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NeuroThe New Brain Sciences and the Management of the Mind$
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Nikolas Rose and Joelle M. Abi-Rached

Print publication date: 2013

Print ISBN-13: 9780691149608

Published to Princeton Scholarship Online: October 2017

DOI: 10.23943/princeton/9780691149608.001.0001

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The Social Brain

The Social Brain

(p.141) Chapter Five The Social Brain

Nikolas Rose

Joelle M. Abi-Rached

Princeton University Press

This chapter looks at the social brain hypothesis. The term social brain has come to stand for the argument that the human brain, and indeed that of some other animals, is specialized for a collective form of life. One part of this argument is evolutionary: that the size and complexity of the brains of primates, including humans, are related to the size and complexity of their characteristic social groups. However, the social brain hypothesis is more than a general account of the role of brain size: for in this thesis, the capacities for sociality are neurally located in a specific set of brain regions shaped by evolution, notably the amygdala, orbital frontal cortex, and temporal cortex—regions that have the function of facilitating an understanding of what one might call the “mental life” of others.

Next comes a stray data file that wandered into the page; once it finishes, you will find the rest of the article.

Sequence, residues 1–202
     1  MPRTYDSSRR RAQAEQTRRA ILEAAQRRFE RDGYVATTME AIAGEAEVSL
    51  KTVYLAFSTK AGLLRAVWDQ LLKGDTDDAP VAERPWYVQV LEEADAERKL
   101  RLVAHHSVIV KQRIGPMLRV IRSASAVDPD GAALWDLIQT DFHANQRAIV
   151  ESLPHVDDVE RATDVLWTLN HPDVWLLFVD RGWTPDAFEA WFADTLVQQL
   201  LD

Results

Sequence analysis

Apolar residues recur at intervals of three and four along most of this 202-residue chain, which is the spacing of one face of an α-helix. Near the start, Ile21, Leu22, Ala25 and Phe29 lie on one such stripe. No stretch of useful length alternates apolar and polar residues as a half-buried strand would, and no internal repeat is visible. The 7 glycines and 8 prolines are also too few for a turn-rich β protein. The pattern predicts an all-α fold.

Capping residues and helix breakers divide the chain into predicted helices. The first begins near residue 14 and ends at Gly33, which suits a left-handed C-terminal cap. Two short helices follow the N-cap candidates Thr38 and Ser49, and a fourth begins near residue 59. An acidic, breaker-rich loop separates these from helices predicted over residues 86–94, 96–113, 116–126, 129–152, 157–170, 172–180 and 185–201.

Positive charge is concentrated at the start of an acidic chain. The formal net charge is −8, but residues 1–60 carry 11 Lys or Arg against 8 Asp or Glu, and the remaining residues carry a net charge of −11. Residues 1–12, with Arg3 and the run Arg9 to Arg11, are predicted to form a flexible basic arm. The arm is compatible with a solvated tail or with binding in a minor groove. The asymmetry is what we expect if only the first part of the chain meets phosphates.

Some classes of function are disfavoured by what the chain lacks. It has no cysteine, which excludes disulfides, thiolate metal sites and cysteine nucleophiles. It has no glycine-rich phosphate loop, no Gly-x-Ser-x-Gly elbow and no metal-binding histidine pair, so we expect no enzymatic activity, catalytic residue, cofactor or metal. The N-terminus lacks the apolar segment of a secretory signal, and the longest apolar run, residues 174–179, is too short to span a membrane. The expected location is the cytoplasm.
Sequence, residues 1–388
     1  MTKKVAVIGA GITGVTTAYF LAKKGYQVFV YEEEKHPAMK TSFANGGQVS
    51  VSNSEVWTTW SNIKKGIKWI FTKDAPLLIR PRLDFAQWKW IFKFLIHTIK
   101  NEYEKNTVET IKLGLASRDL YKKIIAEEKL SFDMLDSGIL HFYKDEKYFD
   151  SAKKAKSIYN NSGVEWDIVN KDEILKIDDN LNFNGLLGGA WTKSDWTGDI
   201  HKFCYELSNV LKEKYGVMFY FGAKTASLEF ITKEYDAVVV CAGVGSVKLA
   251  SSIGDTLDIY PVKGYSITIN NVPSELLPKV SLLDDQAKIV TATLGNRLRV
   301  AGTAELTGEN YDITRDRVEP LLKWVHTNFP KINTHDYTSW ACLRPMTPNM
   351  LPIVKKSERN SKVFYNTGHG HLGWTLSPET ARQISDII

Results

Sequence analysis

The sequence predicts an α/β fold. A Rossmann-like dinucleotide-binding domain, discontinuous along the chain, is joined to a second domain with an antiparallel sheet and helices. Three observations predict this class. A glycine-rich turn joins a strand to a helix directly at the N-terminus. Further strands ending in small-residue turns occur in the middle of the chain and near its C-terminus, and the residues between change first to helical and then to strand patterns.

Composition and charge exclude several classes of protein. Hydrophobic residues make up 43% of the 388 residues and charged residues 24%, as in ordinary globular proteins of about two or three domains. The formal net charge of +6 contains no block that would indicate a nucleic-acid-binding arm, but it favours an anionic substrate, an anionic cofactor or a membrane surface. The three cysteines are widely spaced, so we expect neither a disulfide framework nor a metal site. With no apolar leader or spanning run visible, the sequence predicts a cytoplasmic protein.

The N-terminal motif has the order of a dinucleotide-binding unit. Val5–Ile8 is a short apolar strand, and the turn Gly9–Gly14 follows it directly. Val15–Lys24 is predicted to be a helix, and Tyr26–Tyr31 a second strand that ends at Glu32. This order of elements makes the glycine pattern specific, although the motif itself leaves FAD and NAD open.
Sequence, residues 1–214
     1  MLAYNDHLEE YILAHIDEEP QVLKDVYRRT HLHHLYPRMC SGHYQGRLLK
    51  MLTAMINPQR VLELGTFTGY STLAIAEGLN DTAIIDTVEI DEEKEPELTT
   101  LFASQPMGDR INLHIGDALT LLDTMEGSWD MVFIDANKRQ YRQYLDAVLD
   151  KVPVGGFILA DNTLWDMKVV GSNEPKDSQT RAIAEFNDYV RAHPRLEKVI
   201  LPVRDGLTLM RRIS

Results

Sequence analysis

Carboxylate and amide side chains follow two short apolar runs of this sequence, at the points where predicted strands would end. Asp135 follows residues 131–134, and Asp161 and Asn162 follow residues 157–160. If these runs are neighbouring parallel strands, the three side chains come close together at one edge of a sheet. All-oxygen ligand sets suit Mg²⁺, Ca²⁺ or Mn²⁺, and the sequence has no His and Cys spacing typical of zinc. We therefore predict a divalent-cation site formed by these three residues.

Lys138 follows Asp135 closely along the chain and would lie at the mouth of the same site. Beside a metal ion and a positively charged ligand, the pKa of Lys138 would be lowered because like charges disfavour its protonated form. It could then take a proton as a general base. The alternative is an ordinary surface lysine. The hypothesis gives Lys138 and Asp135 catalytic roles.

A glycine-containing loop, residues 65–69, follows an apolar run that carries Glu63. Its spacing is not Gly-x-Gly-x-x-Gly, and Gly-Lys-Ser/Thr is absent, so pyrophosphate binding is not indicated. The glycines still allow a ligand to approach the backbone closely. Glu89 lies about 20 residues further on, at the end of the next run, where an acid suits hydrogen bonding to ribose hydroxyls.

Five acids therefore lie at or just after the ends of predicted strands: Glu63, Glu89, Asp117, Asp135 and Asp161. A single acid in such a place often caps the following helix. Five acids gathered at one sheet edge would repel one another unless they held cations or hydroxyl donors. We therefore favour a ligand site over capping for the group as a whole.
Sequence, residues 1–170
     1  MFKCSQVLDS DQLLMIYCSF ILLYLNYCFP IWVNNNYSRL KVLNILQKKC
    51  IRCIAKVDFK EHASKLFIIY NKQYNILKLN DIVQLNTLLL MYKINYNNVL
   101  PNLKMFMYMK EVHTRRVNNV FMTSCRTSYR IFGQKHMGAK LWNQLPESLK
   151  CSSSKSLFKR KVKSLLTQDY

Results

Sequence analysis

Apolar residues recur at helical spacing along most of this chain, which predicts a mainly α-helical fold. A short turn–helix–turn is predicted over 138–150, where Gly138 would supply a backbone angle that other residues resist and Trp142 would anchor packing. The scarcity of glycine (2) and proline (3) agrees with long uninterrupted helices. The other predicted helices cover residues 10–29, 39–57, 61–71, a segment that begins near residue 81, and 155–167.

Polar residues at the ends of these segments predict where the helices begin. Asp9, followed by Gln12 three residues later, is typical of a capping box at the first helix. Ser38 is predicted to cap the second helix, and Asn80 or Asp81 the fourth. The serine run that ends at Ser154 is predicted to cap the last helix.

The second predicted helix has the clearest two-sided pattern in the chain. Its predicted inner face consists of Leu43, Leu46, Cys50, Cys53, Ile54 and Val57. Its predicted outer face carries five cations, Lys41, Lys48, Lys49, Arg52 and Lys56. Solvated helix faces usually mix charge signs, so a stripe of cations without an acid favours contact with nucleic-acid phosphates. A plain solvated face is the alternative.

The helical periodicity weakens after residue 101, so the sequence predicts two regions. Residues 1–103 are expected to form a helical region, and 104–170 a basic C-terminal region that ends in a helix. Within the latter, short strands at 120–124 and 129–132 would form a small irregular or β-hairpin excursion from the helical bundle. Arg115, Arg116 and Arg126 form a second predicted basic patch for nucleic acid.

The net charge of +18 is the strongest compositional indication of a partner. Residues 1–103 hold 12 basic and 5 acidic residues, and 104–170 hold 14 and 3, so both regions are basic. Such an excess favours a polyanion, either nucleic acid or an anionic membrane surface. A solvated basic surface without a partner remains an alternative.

Keywords:   social brain hypothesis, social brain, brain size, social groups, sociality, evolution, amygdala, orbital frontal cortex, temporal cortex, mental life

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